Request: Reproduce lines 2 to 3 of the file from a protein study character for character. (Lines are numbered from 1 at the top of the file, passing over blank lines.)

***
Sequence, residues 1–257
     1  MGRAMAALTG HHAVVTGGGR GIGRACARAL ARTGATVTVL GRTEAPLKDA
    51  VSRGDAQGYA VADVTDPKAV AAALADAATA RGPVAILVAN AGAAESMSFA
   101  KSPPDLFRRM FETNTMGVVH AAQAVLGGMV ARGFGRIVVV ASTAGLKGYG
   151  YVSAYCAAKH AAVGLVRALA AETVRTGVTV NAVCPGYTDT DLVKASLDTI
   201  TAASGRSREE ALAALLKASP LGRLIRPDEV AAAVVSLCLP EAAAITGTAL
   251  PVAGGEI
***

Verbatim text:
     1  MGRAMAALTG HHAVVTGGGR GIGRACARAL ARTGATVTVL GRTEAPLKDA
    51  VSRGDAQGYA VADVTDPKAV AAALADAATA RGPVAILVAN AGAAESMSFA